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Bjorn Selander’s long comeback to pro racing

One of the most talented racers of his generation, Bjorn Selander saw his career upended by Iliac artery endofibrosis.

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When the dust settles on his 2017 cyclocross campaign, Bjorn Selander will measure his overall success not by victories and losses, but by race finishes, high fives, and smiles. For Selander, 29, simply pinning on a number marks a triumph in his return to elite level cyclocross.

“It’s a comeback and it’s a new beginning,” Selander told VeloNews at last month’s KMC Cyclocross Festival. “In my heart, I never truly left, so I think of everything just as forward progression.”

A decade ago Selander was one of the country’s brightest young talents, with a career trajectory aimed at grand tours and cobbled classics. Winner of a junior and U23 national cyclocross championship, Selander also scored impressive results in national and regional road races. He specialized in hard, tactical races that required repeated accelerations.

Selander comes from a racing pedigree; his father, Dag, had been a professional cyclist and an Olympic cross-country skier. In 2009 Selander joined Axel Merckx’s original Trek-Livestrong development team, making the jump to the WorldTour with Team Radioshack the following season. In 2011, his second season with the team Selander finished the Giro d’Italia and Paris-Roubaix.

That year marked Selander’s peak. In the ensuing years, his career nosed downward. In 2011 and 2012 he often was a DNF at lesser European races and struggled in the hard, tactical races where he had previously thrived. Selander raced one year with the Canadian SpiderTech squad at the Pro Continental level before riding for four seasons in the domestic peloton with Optum-Kelly Benefits Strategies.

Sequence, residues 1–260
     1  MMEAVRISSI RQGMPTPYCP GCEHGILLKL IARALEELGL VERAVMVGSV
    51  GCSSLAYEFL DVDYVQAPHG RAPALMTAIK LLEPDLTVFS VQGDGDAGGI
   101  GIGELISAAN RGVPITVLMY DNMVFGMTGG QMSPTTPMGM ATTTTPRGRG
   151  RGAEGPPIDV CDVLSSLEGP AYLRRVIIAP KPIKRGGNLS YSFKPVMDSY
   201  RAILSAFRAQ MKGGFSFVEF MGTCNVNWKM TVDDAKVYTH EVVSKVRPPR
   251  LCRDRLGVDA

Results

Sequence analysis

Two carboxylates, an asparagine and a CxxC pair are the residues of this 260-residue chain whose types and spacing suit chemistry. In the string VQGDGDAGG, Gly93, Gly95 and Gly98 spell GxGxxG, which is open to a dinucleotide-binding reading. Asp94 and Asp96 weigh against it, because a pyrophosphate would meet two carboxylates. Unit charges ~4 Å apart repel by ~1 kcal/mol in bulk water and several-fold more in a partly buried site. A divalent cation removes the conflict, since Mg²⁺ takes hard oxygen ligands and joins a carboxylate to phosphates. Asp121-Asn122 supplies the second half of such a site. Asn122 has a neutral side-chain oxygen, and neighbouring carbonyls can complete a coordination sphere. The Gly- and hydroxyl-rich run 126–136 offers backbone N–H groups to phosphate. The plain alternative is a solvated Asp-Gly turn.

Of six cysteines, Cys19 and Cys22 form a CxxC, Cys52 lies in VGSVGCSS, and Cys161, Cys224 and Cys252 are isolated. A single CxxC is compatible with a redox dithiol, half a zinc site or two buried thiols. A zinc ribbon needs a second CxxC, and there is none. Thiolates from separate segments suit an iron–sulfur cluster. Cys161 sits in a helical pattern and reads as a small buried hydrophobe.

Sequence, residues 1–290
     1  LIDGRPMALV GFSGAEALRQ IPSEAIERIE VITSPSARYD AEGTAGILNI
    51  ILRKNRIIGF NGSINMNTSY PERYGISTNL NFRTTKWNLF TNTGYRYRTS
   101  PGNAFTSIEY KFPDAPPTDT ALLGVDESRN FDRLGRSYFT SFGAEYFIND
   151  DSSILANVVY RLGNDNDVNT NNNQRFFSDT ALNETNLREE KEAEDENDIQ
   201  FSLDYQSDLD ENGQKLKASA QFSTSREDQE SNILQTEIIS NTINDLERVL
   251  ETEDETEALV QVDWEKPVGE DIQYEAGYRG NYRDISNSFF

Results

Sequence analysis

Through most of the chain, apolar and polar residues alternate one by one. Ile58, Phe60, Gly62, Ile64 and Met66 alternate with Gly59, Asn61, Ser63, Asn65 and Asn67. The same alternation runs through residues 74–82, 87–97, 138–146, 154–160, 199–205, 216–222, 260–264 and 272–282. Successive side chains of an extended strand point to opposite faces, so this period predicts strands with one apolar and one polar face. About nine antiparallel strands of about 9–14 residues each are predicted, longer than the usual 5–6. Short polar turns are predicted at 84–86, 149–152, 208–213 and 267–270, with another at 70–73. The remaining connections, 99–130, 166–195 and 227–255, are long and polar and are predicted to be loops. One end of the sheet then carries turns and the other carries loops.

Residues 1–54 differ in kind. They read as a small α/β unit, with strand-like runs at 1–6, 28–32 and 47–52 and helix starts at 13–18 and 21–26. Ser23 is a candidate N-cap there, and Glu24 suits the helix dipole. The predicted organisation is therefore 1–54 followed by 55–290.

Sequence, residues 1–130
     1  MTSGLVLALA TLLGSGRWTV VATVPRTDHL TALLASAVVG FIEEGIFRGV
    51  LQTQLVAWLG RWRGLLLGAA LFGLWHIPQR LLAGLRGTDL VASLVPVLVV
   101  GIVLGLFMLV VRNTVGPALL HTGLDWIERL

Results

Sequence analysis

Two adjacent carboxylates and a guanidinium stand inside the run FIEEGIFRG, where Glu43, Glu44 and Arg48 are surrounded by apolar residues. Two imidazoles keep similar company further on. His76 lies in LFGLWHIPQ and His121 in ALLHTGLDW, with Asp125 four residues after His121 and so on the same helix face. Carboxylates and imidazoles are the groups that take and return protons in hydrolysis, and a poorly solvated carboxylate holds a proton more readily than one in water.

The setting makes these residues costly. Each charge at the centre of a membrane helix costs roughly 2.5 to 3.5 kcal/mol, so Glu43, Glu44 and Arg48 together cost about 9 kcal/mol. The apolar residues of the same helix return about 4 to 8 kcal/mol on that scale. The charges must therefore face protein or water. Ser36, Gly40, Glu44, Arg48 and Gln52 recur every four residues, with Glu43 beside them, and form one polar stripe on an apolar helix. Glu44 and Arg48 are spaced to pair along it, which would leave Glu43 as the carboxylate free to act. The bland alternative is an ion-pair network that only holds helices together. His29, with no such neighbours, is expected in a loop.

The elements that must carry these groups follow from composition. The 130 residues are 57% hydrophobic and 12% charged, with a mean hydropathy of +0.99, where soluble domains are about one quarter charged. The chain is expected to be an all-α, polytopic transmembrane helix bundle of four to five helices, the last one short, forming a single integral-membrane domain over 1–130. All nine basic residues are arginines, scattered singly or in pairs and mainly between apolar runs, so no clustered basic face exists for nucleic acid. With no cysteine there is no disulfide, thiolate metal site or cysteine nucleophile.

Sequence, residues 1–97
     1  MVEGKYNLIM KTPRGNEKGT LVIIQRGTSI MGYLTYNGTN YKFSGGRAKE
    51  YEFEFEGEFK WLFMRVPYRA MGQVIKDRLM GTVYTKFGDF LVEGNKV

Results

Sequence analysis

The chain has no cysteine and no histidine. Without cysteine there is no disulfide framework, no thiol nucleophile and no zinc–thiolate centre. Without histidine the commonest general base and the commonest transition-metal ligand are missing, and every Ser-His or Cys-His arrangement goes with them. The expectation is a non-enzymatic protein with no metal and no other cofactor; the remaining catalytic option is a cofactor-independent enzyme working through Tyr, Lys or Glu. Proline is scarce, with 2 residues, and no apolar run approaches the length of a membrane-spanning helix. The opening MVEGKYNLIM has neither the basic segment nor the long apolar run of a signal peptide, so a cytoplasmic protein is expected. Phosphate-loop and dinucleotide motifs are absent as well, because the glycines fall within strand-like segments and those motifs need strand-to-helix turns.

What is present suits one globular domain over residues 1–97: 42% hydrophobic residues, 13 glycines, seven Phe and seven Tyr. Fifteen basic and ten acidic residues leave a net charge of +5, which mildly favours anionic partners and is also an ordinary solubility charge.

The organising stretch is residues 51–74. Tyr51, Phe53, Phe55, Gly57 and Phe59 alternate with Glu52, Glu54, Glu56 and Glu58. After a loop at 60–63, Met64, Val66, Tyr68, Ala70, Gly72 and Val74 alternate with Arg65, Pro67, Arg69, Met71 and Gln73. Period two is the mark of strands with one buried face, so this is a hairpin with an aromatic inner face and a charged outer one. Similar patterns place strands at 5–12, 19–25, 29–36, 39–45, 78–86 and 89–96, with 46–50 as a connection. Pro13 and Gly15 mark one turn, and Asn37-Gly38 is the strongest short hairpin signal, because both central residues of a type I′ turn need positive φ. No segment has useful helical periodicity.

Selander struggled to contribute in the domestic peloton—a strange challenge for someone with his talent.

“There were times when it was just like, yep, I’m not good anymore,” Selander said. “I was so frustrated. I couldn’t race. I could ride all day but when you really dig deep, I couldn’t do it.”

The sudden drop off in results corresponded to an uptick in injuries and pain in Selander’s right leg and back. He first noticed a reoccurring strain to his right side at the 2011 Giro. The next season, the pain quickly spread from Selander’s right leg into to his back. During race efforts, the discomfort followed a similar pattern, Selander said: his left leg tingled as the intensity increased; then his right leg cramped and he was forced to ease off. His aggressive accelerations were gone.

Since the pain was on his right side, Selander said he focused his recovery efforts on that half of his body.

“I was looking on the right side which is why this whole issue has taken longer than I would have liked,” he said. “There were times when I thought I had figured it out, but deep down inside I knew something was still up. I was so frustrated, you know. Some days it was so hard that I couldn’t ride.”

Six years after his initial pain, Selander now understands the chain of events that were occurring within his body. His left leg was actually the culprit; that pain on his right side was simply the result of overcompensation and overdevelopment.